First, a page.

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Transforming the Narrative on Fatherhood and Mental Health

Will and his children Source: authors own photo

I’m William Nicholson, a dad of 3 and an activist for social and systems change. I’m passionate about supporting health and wellbeing through positive storytelling and I’m a keen advocate for men’s mental health, and fatherhood in particular.

Today is International Men’s Day in the UK. Its key aim is promoting a positive conversation about men, manhood, and masculinity and there are many brilliant initiatives across the UK doing just this. One of those is the recent Inspire the Mind series of blogs on fathers’ mental health, which has been incredibly refreshing to read.

For a long time, fatherhood, and men’s mental health in general, have been low on the agenda, largely swept under the carpet while a culture of ‘toxic masculinity’ has permeated our society. Men talking about mental health is seen as a sign of weakness. We’ve dealt with issues with the traditional ‘stiff upper lip’, getting on with it. When it comes to parenting, we rarely hear about the Dad’s perspective.

Recently there has been a positive step change. I feel men’s mental health has become a ‘thing’ we are happy to talk about. It is much more on the public consciousness with high-profile campaigns such as Heads Together supported by Prince William, who has talked openly about the importance of fatherhood and mental health. There are increasing numbers of celebrities sharing their stories from cricketer Ben Stokes to actor Dwayne ‘The Rock’ Johnson. The Mental Forge, in partnership with NHS England, recently brought together over 400 organisations at ‘MENtalHealth’, a webinar exploring the potential for collaboration to support men’s mental health.

Collectively, this movement has disrupted the status quo and begun to change the narrative on men’s mental health. However, I feel we need to do more.

The International Futures Forum’s Three Horizons Model provides a helpful framework to support the achievement of transformative social change. It distinguishes between disruptive innovation, which challenges the status quo and builds the case for change, and transformative innovation, which creates a whole new vision of what the world could be.

I believe this Inspire the Mind series stands out as being transformative. Why? The answer for me lies in the depth of the discussion and many layers of narrative change:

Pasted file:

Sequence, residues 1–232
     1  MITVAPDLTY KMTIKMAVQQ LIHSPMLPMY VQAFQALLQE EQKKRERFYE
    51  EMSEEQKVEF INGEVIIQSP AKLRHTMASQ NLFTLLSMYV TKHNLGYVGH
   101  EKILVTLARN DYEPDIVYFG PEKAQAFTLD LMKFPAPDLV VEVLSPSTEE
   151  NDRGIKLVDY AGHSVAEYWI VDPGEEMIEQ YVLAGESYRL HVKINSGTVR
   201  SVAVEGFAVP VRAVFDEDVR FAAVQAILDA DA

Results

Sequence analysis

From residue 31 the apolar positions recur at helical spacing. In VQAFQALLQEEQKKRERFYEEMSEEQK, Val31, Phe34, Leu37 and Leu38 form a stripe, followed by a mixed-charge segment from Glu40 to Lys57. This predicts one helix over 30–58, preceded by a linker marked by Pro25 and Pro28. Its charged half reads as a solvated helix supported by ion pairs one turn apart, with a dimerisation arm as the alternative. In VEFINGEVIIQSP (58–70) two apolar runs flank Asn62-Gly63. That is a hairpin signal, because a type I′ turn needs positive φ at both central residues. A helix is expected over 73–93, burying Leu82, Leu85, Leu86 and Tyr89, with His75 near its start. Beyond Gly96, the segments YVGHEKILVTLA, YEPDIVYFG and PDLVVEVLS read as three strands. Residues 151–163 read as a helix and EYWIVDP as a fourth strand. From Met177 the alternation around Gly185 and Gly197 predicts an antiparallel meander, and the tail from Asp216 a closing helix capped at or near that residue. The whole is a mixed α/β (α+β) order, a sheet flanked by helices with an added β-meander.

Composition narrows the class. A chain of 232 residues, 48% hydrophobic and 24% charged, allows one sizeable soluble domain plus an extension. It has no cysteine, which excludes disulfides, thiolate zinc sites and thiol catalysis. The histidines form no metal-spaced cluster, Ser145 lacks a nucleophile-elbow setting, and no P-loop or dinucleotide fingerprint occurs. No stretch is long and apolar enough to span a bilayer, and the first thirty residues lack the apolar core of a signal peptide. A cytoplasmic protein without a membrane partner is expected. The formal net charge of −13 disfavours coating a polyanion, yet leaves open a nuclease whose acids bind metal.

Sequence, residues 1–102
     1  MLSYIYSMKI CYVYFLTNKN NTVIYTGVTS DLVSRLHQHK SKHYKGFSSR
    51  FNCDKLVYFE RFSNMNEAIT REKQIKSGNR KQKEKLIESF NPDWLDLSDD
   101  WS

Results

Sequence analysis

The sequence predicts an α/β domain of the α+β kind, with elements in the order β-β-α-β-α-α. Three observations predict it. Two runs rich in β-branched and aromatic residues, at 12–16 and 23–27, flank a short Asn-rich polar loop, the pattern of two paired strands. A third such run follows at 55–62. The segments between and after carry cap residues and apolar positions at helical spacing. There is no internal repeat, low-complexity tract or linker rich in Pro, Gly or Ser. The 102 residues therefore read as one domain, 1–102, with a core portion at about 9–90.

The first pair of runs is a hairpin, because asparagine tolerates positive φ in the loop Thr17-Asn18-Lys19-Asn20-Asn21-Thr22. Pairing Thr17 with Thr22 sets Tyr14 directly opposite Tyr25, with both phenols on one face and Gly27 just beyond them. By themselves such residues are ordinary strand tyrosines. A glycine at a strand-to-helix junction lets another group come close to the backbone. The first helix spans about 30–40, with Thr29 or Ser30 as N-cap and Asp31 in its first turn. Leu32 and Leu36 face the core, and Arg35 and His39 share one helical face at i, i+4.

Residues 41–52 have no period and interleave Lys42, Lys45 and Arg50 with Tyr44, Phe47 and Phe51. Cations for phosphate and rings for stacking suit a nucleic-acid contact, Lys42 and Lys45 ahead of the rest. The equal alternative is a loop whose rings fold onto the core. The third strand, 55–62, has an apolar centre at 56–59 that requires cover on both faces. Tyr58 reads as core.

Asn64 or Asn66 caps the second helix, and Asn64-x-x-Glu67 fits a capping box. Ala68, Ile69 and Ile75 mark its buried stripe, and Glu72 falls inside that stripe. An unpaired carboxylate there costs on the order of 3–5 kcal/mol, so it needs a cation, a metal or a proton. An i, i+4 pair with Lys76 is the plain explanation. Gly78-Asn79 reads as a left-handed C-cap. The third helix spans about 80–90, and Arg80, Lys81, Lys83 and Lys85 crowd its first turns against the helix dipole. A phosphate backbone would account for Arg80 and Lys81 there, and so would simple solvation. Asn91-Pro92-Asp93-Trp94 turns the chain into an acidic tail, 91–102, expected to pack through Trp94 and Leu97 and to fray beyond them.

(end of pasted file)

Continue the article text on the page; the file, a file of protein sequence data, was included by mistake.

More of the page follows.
Positive storytelling about fatherhood

It is hard to find positive stories on fatherhood that provide you with insight into how to be a good dad and help dads to understand and manage our mental health. If you search the fatherhood book charts, you’ll come across books along the lines of “The Dad Survival Guide”, “Strong Fathers Strong Daughters” “Commando Elite Dad” or “The Dad Joke book!”. The language in these titles tells you everything about the current narrative on fatherhood! It reinforces the culture of ‘toxic masculinity’, creating an expectation that fathers need to be tough and strong or to joke about it to survive.

This image from a fatherhood book chart says a thousand words:

What’s wonderful about the Inspire the Mind series is that it creates a new narrative. It presents genuine lived-experience pieces from fathers who contributed to DAD who speak openly and honestly about their fatherhood experiences — not about winning or being elite but about vulnerability and the challenges they have faced — and it shows that this is normal.

Blending science AND lived experience

I’ve been inspired and moved by each of the fathers’ stories. As a Dad, I empathise with the raw human emotion each man has expressed. I haven’t directly experienced their issues, but I can connect with them as fathers who have gone through challenges in life. I am incredibly grateful for their honesty and their courage to talk so openly about their experiences.

I’ve also found each of the related scientific pieces enlightening. Having read the ‘real life’ story, it was fascinating learning about the science behind the feelings that each dad was describing. I’ve learned much more about each topic and how the human mind and body operate. Each time I read the scientific explanation there was an ‘ah ha’ moment — “That makes sense doesn’t it!?”.